It was known as 'KP' to inmates and guards, but to Canadians, the Kingston Penitentiary was the maximum security jail home to Canada's nastiest criminals. Its 178-year history saw thousands of offenders incarcerated until 2013, when the Canadian government determined that the buildings were not equipped to handle the challenges of modern technology. It was designated a National Historic Site due to, among other things, "the number of its physical facilities of special architectural merit that survive from the 19th century." The penitentiary was then decommissioned and has been operating as a tourist attraction since 2017.
It was during a non-lockdown Covid breaks last autumn, that I made the trip to Kingston to stroll through the most notorious prison in Canada. The 90-minute tour was conducted by a former prison guard who shared a few stories about criminals who escaped the confines of the jail. Most were found, and most found due to their own stupidity. One convict successfully escaped after fooling two separate Wardens but then came back because he forgot to steal the stash of cash one of the Wardens kept in a safe. Another fellow, after successfully escaping, sent the Warden a letter from his 'safe' house and included the address on the envelope. Police were dispatched and the felon was returned to KP in handcuffs and leg irons.
|Eerie feeling standing where so many felons have stood.|
Construction at the Pen began in 1833 while King William IV reigned over the Commonwealth, which comprised the fledgling Upper and Lower Canada (later the provinces of Quebec and Ontario). The jail was originally one large stone block containing 154 cells in 5 tiers. There were other outbuildings including sheds, stables and separate lodgings for staff, who lived within the gated facility. Back then, the only thing keeping the inmates 'in' and visitors 'out,' was a 12 foot high wooden, picket fence. It was the largest public building in Upper Canada.
In 1835, six inmates were the first to call KP their home. The original cells were 2.4 feet wide, 8 feet deep and 6.7 feet high. A separate cell block housed the female convicts, who laboured as seamstresses. Construction continued as more wings were added containing shops for carpentry, shoemaking, blacksmithing, tailoring and rope making. A permanent hospital was completed in 1849. A central dome, connecting the four cell blocks, was added in 1860. The facility was noted for its architectural beauty.
|One of four cell blocks.|
|The recreation yard.|
|The front entrance.|
|The 'Hub' where guards monitored entrances to each cell block.|
|32 foot limestone walls form the Pen's perimeter|
The Pen was known as Canada's Alcatraz and was notorious for housing the worst-of-the-worst criminals in Canadian history, including killers Paul Bernardo, Russell Williams, Michael Rafferty and Mohammad Shafia. (I have chosen not to disclose their heinous crimes.) These offenders were locked up for 23 hours a day in protective custody in the Lower-H cell range. Jail cells for these men were upgraded with plexiglass shields over the metal bars. Why? Two reasons. To prevent other prisoners from hurling objects into the cells and to prevent the killers from hurling their own human waste at the guards.
Several riots occurred at KP, including the most serious riot in 1971 where inmates held six guards hostage over a period of four days. During this riot, sex offenders were rounded up at The Hub and a mock trial took place with the inmates acting as jurors and executioners. The sex offenders, deemed 'undesirables,' were covered in sheets, shackled to metal chairs and beaten with metal rods by other inmates. Two of these offenders were killed but the guards were not harmed. The majority of these guards, after surviving incarceration by convicts, decided to change careers.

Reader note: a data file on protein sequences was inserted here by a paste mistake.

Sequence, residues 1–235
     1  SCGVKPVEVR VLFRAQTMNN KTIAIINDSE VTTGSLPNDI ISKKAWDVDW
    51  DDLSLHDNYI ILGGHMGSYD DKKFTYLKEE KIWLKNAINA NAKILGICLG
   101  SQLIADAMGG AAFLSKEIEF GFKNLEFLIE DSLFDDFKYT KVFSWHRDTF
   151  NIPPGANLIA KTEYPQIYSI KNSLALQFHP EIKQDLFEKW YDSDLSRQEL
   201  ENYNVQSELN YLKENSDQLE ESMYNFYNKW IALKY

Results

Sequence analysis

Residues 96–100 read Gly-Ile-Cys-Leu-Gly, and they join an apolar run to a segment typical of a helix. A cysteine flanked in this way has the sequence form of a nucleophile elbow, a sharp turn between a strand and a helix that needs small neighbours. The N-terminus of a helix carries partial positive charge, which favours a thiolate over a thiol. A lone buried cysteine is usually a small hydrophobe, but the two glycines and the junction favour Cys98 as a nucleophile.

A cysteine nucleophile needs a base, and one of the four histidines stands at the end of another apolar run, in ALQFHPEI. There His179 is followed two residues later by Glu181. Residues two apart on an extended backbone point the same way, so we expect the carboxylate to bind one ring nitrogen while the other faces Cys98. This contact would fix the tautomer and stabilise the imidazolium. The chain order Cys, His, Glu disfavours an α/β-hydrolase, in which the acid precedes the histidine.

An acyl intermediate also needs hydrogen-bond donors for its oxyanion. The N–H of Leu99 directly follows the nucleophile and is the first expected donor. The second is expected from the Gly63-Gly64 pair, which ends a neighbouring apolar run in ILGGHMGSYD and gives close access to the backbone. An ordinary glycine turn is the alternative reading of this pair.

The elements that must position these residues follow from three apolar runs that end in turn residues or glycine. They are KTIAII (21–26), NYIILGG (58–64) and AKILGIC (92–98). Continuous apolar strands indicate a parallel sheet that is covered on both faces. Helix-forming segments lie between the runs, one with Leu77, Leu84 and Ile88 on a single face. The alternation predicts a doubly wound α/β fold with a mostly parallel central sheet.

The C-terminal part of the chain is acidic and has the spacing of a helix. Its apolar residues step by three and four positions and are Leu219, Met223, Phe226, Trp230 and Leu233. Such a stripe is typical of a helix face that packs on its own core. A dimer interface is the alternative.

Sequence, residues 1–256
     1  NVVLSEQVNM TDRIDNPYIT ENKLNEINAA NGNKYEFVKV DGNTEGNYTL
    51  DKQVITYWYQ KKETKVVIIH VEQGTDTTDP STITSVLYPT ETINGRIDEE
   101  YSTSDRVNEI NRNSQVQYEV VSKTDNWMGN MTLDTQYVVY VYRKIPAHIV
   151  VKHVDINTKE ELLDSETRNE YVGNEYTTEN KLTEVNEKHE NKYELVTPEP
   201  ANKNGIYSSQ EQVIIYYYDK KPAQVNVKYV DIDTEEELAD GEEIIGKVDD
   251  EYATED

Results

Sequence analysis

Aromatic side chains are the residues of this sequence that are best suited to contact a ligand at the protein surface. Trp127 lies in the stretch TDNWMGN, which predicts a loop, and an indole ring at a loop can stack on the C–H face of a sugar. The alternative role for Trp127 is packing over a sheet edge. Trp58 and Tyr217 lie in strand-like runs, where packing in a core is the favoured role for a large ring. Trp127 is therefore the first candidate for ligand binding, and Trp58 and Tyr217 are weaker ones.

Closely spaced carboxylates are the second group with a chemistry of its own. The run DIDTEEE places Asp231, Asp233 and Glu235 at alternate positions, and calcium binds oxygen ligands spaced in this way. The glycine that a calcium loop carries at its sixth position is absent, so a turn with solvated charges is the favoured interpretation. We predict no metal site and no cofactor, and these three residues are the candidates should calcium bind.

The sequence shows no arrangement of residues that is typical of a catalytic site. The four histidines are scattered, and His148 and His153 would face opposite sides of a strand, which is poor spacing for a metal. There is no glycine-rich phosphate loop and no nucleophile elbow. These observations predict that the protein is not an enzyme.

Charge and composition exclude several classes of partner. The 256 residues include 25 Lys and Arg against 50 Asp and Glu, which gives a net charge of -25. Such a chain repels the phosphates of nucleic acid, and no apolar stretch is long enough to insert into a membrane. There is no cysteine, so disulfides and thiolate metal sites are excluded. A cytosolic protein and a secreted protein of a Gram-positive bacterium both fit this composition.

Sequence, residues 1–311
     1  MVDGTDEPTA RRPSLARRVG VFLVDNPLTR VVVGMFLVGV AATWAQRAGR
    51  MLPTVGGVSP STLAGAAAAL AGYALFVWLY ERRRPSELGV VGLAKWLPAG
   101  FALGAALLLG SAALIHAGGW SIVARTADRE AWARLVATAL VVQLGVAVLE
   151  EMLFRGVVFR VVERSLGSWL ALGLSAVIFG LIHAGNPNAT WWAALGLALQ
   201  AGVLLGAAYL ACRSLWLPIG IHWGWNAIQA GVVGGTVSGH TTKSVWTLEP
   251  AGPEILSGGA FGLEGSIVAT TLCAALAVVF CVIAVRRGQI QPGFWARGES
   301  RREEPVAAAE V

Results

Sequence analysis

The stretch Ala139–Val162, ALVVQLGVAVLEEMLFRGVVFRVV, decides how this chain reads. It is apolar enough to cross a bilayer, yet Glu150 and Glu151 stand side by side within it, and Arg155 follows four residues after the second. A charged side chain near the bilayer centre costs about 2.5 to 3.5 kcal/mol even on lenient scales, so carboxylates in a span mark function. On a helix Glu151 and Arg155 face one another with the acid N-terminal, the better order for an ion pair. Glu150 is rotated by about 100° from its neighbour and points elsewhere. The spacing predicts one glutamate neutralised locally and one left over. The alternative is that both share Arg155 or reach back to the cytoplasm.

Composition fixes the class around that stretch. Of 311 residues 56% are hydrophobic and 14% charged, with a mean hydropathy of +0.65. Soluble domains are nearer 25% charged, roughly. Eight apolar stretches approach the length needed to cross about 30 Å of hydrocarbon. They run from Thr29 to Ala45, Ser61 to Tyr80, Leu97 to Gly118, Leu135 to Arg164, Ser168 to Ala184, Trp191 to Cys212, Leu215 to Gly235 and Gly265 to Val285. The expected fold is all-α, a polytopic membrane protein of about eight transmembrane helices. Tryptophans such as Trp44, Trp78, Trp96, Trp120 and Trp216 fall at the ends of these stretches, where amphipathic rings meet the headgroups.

In the years since that riot, many changes were implemented at the jail, including a substance abuse program, family violence prevention program, AAA meetings, and a progressive educational program. A high school diploma was mandatory - inmates without the certificate were placed in classes where they were paid to attend. All inmates earned $6 per day, whether they were in school or 'working' at one of the many trades taught at the jail.
When the Pen shut down for good, a modern maximum-security facility had already been completed in a neighbouring city. The KP convicts were transferred there.
I've always been fascinated with Canadian history and my tour of the infamous Kingston Penitentiary quenched part of that fascination. Would I go back there? No. Sometimes historical places, even those with majestic architecture, are not worthy of a second visit. The horrors within those walls still reverberate in every metal bar of every cell.
But enough of that. I'd rather write about Book 3 of The Twisted Climb series. What happens to Dick after falling/jumping off the dream world cliff with Jayden and Connor? Has Georgia been saved? And Patty - that wicked mother of Jayden's, what is she doing? So much action. So much drama. Stay tuned. If you haven't read The Twisted Climb or book 2, Darkness Descends, you need to check it out now. You won't be disappointed.
Stay safe everyone!
J.C. Kavanagh, author of
The Twisted Climb - Darkness Descends (Book 2)
voted BEST Young Adult Book 2018, Critters Readers Poll and Best YA Book FINALIST at The Word Guild, Canada
The Twisted Climb,
voted BEST Young Adult Book 2016, P&E Readers Poll
Novels for teens, young adults and adults young at heart
Twitter @JCKavanagh1 (Author J.C. Kavanagh)